The Law Demands That You Pay Your Debts

Robert Foehl, a general counsel for ACA International — a trade association for debt collectors, says collectors play an important role in the economy. And sometimes, he says, "a creditor might have no other avenue for recovering their debt except through a legal process" such as wage garnishment.

In St. Louis, Mo., Associate Circuit Judge Chris McGraugh has presided over many collections cases. He says people will admit, for example, that they ran up a big debt on a credit card and didn't pay it. And the judge says he tells them "the law demands that you pay your debts!"

But at the same time, McGraugh says, he still sees some serious problems.

He says lawyers for debt collectors will sometimes ask for delays or continuance on cases if they see a debtor is taking time off from work to show up in court. They will do that several times over weeks or months until the person finally gives up and doesn't come to court anymore, allowing the debt collector to get a default judgment against the debtor.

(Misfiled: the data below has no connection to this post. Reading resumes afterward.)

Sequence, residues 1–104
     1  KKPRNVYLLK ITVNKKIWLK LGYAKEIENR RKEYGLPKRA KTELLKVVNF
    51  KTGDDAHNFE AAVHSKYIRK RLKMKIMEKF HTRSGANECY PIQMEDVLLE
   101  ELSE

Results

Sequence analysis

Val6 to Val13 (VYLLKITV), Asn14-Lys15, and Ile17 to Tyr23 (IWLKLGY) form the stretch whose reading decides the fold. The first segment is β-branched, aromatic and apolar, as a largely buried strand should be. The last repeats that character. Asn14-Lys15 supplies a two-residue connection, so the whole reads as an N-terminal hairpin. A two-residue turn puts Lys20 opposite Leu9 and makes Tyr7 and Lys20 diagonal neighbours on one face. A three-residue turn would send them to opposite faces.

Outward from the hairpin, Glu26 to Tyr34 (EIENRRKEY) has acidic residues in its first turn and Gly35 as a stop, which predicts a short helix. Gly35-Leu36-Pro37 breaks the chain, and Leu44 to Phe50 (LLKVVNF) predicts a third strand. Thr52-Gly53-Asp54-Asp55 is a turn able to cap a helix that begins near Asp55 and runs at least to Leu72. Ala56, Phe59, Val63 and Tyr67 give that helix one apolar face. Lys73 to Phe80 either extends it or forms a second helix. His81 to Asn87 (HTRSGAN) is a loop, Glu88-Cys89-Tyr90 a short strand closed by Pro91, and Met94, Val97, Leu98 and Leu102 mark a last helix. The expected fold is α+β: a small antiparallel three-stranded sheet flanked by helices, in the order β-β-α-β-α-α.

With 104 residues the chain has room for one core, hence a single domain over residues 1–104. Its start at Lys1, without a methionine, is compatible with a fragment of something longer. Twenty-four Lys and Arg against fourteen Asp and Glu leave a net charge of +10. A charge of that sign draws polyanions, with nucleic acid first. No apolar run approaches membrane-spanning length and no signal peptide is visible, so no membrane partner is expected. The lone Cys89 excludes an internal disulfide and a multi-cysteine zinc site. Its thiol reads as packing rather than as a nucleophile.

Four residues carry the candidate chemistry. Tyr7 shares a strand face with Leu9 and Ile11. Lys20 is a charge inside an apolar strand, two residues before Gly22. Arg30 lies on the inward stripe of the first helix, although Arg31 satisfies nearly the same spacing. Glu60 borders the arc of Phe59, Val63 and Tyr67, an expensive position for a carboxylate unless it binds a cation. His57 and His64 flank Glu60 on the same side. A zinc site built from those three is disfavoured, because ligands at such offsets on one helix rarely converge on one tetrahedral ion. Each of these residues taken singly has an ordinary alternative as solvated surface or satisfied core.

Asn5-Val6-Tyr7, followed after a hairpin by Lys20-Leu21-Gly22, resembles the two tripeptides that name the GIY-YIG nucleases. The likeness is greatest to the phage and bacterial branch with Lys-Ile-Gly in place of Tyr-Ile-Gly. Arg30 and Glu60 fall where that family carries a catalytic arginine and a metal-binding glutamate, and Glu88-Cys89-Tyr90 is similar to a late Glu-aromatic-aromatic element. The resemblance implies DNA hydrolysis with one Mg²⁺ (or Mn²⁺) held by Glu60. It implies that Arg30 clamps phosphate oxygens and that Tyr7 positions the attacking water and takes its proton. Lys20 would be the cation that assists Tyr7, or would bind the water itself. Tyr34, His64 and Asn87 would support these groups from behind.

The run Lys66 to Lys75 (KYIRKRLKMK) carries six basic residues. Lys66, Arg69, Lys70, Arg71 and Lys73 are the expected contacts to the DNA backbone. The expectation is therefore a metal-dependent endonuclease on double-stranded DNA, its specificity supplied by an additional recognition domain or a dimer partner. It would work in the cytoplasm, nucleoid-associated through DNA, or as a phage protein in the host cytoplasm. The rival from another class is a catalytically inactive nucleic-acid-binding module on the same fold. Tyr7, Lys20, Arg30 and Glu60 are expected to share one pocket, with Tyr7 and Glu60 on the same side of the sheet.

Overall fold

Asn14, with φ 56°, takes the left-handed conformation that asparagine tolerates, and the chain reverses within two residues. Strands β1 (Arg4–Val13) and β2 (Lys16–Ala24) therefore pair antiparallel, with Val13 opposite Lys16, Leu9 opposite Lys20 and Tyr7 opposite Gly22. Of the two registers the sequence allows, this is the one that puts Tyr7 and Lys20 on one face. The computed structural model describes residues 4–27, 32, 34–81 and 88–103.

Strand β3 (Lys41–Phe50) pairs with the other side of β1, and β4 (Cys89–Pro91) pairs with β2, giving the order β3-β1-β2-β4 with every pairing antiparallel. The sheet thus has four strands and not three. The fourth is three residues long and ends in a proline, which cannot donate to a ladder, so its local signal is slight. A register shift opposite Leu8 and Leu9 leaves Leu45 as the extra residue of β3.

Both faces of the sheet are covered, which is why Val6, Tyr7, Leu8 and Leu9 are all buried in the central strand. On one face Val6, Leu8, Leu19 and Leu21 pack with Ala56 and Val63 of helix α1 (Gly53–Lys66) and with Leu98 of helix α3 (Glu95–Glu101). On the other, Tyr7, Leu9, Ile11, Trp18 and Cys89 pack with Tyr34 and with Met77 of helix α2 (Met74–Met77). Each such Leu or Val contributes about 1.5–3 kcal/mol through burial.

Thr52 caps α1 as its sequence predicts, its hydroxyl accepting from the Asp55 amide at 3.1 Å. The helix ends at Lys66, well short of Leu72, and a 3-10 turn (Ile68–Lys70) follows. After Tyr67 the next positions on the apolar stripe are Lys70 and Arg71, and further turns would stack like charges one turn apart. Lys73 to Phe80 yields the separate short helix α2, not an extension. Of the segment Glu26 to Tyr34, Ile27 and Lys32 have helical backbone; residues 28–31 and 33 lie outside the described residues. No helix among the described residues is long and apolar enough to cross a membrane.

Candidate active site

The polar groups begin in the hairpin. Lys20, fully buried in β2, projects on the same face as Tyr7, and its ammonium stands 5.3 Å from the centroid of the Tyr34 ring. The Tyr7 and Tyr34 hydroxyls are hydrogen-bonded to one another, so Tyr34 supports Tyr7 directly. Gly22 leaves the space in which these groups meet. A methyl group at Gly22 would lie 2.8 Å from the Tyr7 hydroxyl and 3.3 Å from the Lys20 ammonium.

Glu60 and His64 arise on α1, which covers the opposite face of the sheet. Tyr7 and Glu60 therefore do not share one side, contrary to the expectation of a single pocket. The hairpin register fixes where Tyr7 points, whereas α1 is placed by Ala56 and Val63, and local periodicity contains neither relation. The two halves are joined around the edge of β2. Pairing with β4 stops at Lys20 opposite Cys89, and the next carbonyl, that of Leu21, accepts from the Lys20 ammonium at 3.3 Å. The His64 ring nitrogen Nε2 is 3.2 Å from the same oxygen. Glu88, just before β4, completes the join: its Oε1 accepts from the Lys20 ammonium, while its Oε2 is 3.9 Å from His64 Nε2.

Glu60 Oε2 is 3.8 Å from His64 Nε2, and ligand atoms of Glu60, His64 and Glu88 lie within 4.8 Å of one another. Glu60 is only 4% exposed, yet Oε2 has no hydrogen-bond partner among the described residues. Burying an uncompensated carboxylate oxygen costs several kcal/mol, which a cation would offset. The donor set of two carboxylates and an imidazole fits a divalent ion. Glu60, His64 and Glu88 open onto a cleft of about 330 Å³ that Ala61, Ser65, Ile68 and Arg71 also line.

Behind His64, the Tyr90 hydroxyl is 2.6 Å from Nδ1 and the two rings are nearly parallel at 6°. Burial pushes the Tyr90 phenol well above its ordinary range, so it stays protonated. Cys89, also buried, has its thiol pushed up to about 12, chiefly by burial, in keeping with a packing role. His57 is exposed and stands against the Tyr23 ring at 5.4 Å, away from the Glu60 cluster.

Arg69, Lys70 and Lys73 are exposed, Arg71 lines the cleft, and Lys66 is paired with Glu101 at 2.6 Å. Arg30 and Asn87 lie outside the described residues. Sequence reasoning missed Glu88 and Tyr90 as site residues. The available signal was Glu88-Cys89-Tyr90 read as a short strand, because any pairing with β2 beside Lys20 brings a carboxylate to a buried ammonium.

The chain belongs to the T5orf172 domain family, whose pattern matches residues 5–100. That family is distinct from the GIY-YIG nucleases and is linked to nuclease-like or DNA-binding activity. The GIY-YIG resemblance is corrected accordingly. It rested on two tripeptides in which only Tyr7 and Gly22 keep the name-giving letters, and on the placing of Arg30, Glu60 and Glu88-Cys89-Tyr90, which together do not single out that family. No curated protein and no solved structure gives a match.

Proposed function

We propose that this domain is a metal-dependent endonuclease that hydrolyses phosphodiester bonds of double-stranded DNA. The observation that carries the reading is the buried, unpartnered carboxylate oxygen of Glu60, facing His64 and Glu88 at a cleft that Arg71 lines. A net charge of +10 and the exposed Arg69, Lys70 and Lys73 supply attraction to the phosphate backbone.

McGraugh says he also finds payday loan cases unsettling because the court ends up enforcing a triple-digit interest rate that the person can never escape.

"You're talking about a person who takes out $200 and years later ends up with a $4,000 debt running at an interest of 200 percent." McGraugh says he finds those cases "egregious."

McGraugh says before he became a judge in 2012, he practiced all kinds of law, from car accident injury cases to death penalty defense. And he thought he knew the legal system pretty well.

"I had practiced law for 25 years. I had no idea something like that was occurring, and as such, I don't think most people know that that's occurring and this is allowed to happen," he says.

Copyright 2023 NPR. To see more, visit https://www.npr.org.

NPR correspondent Chris Arnold is based in Boston. His reports are heard regularly on NPR's award-winning newsmagazines Morning Edition, All Things Considered, and Weekend Edition. He joined NPR in 1996 and was based in San Francisco before moving to Boston in 2001.
Paul Kiel, ProPublica